A duck foie-gras lobe, or entire liver, costs $99.99 per 1.85 pounds (0.84 kilograms) on average at D’Artagnan, a foie gras distributor in Newark, New Jersey. Owner Ariane Daguin said the industry has formed a group called the Artisan Farmers Alliance and intends to fight the California law.
“We are looking right now at the different ways to overturn that ban, encouraged by our success in Chicago,” Daguin said in a telephone interview.
Chicago, the first city to outlaw foie gras in 2006, lifted the ban in 2008 at the behest of Mayor Richard Daley.
In California, John Burton, former president pro tem of the state Senate, said he introduced the legislation at the prompting of animal-rights activists.
“If you ever see how they cram this food down the geese’s necks, it just ain’t right,” said Burton, now chairman of the California Democratic Party, in a telephone interview.
Emily Patterson-Kane, an animal welfare scientist at the American Veterinary Medical Association in Schaumburg, Illinois, said it’s hard to judge how distressing it is for the animals to be fed by tube.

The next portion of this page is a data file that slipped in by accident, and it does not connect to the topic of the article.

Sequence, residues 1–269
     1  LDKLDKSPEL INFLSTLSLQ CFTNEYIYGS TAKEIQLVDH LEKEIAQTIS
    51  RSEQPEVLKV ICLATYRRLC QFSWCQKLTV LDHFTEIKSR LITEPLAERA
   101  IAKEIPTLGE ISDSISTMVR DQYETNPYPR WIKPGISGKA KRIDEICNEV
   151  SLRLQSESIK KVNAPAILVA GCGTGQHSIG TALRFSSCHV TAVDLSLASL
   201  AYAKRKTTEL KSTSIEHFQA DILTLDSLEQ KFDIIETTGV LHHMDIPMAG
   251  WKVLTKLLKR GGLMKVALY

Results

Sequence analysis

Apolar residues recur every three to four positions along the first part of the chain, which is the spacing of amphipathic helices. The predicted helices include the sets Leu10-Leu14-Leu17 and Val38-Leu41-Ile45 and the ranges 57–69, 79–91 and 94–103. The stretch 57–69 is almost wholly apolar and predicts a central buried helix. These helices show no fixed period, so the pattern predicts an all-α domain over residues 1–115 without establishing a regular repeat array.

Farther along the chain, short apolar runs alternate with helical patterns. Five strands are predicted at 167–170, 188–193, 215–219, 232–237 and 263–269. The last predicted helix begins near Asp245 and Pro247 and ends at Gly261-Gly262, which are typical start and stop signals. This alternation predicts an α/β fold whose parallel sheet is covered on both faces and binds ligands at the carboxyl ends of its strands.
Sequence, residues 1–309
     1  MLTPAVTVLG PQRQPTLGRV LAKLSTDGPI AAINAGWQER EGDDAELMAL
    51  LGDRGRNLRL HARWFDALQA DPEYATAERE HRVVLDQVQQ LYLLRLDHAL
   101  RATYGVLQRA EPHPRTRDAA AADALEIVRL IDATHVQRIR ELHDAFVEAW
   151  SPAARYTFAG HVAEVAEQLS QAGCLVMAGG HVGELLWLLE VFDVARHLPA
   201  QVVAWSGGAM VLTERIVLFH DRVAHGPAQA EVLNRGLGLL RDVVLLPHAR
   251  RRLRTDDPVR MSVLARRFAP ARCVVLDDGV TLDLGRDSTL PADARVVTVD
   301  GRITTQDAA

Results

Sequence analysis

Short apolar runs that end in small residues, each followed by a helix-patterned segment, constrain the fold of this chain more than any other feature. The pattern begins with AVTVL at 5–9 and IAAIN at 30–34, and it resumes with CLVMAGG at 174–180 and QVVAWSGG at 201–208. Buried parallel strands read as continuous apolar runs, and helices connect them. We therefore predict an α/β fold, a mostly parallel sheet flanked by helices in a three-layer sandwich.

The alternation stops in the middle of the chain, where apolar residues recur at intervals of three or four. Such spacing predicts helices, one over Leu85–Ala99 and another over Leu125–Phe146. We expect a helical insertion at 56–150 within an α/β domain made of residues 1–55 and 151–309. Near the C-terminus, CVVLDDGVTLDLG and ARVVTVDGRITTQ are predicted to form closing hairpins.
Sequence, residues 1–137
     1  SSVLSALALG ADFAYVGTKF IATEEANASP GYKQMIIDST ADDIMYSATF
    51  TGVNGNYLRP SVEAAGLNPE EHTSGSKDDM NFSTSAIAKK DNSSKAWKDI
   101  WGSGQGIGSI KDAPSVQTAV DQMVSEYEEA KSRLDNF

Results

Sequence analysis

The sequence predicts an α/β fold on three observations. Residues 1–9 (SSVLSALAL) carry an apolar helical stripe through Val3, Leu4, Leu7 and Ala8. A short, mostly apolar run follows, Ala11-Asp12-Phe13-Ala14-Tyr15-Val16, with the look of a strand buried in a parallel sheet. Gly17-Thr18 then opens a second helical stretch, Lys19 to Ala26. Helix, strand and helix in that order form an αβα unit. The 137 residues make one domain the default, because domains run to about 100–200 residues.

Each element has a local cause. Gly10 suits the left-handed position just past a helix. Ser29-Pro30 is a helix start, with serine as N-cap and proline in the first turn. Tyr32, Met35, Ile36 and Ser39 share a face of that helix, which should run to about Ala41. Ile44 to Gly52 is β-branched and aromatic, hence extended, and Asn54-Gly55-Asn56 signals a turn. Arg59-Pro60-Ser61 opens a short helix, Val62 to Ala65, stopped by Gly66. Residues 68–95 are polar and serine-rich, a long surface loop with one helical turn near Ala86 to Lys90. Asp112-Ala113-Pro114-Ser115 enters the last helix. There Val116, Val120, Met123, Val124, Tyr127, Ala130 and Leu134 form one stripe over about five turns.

“We know that they are eating more food than they would voluntarily choose to,” Patterson-Kane said in a telephone interview. Ducks don’t have a gag reflex and have a more robust esophagus than a mammal’s, “so they can gulp down relatively large things,” Patterson-Kane said.
“It’s still probably unpleasant to some extent,” she said.
Danko, the San Francisco chef, said he plans to follow the law when it goes into effect.
“I’ll have to come up with a new menu item to fill its void,” Danko said. “Many people will miss it.”
To contact the reporter on this story: Alison Vekshin in San Francisco at firstname.lastname@example.org.
To contact the editor responsible for this story: Mark Tannenbaum at email@example.com.